The Road not Taken
The fact is that the Euro currency has been in place for a decade now and despite the current crisis it has in many ways been successful.  If European leaders allow a Greek default, the crisis will almost surely spread to other peripheral economies.  Markets will rightly surmise that there is a lack of political will to defend the Euro area in its entirety. Consequently they will intensify an attack already underway against Portugal and Ireland and quite probably then Italy and Spain.  A break up of the Euro zone would be a very messy affair.  Public opinion in Germany is toying with the idea that Germany should bring back the D Mark.  But, if they were to do so, the new D Mark would appreciate so rapidly that it would bring about a sharp recession in Germany and in any countries which chose to follow suit and peg their own new currencies to the Mark.  The former German PM, Helmut Schmidt, made exactly this point in a recent interview.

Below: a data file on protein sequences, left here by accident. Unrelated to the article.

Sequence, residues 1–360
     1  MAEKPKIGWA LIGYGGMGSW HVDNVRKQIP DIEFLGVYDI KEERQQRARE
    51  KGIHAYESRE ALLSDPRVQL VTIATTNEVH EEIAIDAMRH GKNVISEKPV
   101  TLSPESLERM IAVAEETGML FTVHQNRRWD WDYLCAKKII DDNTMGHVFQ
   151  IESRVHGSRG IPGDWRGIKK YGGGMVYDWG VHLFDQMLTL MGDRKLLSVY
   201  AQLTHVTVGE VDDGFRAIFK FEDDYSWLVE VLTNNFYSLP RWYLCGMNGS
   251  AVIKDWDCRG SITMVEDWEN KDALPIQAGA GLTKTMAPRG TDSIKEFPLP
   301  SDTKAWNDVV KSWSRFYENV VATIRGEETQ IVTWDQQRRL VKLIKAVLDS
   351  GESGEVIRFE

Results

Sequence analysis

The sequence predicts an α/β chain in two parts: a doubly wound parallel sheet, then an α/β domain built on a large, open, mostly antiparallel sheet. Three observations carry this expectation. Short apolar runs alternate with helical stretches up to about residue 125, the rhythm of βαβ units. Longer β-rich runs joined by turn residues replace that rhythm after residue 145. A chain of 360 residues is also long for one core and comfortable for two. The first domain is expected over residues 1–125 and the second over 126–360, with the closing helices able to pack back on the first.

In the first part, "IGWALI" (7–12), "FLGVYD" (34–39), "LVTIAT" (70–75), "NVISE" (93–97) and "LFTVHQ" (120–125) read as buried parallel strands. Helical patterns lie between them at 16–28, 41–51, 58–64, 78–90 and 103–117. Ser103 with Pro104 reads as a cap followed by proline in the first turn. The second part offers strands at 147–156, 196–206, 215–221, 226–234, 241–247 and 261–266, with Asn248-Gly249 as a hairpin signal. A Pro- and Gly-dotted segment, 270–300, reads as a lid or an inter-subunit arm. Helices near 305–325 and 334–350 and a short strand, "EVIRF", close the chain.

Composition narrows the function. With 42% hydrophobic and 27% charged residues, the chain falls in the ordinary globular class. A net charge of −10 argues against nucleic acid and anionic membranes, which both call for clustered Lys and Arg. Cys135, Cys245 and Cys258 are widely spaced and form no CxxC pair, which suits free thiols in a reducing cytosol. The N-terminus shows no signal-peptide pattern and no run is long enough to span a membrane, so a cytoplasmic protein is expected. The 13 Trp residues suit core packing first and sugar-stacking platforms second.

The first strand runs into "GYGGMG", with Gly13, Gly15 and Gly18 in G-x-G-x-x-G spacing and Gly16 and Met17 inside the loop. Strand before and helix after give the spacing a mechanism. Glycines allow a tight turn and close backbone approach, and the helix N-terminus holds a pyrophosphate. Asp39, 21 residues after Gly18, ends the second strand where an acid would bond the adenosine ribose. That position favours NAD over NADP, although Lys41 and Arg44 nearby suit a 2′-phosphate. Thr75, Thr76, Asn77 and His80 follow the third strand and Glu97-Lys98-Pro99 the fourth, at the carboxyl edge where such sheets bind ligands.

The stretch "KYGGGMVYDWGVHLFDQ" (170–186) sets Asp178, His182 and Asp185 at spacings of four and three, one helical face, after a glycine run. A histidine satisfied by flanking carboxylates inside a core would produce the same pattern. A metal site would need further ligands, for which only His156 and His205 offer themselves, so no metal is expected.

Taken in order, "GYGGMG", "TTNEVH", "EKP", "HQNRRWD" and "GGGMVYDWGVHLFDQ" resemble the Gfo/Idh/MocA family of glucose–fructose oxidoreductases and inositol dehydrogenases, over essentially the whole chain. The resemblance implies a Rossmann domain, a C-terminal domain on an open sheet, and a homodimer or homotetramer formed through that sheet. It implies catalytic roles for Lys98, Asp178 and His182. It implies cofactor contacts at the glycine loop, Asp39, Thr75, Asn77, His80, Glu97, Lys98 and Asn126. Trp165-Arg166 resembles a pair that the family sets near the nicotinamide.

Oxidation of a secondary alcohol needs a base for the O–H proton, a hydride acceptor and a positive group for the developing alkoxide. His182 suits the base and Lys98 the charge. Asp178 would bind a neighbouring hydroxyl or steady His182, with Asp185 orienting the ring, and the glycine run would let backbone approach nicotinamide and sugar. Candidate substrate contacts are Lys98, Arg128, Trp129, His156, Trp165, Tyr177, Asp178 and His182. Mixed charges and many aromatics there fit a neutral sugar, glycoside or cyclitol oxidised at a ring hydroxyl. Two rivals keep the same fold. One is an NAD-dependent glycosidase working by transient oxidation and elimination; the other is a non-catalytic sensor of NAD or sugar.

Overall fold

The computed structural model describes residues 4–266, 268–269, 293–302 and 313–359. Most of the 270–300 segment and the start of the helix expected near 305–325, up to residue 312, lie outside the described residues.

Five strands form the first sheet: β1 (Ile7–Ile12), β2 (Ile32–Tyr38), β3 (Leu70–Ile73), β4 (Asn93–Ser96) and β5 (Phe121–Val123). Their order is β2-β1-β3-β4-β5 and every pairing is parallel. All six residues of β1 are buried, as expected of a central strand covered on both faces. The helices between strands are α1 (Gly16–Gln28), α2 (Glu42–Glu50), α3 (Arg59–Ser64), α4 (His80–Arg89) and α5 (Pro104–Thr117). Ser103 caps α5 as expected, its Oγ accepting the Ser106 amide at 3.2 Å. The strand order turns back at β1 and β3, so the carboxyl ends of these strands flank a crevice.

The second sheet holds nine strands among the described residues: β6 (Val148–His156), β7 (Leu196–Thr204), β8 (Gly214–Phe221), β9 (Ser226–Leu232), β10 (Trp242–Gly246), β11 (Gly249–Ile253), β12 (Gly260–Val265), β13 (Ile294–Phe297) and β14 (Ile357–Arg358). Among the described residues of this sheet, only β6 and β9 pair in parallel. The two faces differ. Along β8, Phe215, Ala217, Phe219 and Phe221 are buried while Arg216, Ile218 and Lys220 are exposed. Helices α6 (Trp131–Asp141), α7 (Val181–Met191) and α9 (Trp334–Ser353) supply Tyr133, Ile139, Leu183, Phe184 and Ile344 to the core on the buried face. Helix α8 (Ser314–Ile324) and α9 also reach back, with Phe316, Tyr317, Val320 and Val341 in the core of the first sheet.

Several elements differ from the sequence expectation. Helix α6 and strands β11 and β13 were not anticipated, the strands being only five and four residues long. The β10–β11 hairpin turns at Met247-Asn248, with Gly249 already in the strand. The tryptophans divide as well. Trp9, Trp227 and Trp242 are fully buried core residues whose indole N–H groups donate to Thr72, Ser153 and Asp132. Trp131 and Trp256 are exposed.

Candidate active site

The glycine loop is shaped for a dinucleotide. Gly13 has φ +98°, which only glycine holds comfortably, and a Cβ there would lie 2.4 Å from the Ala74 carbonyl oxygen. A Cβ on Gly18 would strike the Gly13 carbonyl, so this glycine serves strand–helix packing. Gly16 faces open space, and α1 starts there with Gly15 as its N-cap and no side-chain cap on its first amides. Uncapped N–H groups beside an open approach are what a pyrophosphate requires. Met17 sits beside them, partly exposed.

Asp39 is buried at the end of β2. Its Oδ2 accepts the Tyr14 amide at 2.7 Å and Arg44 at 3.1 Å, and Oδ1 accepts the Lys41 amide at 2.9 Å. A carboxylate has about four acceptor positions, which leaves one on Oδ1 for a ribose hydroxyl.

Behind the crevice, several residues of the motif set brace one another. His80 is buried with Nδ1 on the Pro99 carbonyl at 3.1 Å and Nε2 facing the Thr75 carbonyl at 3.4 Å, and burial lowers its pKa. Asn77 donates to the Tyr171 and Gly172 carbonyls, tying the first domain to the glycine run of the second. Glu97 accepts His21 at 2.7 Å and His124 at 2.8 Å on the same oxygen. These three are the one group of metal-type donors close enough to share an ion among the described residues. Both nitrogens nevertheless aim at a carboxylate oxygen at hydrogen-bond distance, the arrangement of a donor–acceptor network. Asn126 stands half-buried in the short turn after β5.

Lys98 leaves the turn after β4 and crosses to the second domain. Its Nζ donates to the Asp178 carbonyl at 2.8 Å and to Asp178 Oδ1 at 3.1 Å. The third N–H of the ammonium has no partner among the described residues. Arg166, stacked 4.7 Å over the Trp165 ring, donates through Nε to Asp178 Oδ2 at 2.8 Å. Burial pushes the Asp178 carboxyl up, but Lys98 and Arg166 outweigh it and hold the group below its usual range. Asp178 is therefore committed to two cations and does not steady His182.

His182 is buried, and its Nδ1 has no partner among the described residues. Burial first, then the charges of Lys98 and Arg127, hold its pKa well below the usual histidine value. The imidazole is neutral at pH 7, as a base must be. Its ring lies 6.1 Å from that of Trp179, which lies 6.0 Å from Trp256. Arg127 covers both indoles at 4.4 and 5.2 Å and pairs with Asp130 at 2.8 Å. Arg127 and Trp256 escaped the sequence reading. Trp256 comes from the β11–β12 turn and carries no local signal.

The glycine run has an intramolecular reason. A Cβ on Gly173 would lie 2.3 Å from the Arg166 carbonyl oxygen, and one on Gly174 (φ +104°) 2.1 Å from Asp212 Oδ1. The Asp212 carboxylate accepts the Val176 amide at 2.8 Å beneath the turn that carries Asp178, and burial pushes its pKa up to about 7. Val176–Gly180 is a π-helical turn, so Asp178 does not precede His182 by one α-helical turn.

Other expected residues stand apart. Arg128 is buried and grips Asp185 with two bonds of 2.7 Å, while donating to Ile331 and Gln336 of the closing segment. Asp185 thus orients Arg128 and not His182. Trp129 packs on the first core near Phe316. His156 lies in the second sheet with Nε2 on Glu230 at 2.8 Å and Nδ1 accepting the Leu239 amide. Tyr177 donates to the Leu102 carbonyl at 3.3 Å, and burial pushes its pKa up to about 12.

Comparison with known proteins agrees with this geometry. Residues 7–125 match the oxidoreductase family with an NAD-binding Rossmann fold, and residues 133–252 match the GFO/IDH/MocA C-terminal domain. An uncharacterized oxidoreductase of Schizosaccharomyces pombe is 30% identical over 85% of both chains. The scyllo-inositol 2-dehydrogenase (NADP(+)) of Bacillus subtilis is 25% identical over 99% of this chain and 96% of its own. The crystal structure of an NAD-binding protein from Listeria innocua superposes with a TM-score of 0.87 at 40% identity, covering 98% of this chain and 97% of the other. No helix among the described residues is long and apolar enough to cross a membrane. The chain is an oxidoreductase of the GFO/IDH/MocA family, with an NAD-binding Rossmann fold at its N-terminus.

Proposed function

The most promising way forward on the contrary is to strengthen the Euro zone.  So the real question is how to achieve the strengthening of the Euro zone economy.  The starting point would be to recognize that all outstanding Euro zone debt is a reality.  Trying to play games by writing down that debt as an exception for Greece only to necessitate recapitalization of banks is frankly a back-assed forward means to resolving the crisis.  The appropriate thing to do is to replace all outstanding government bonds within the Euro zone with Euro bonds backed by the ECB and the combined governments of the currency union.  (A watered down version of this solution was floated in fact, whereby such bonds would be issued up to 60% of the GDP of Euro zone economies, but the proposal fell upon deaf German ears.)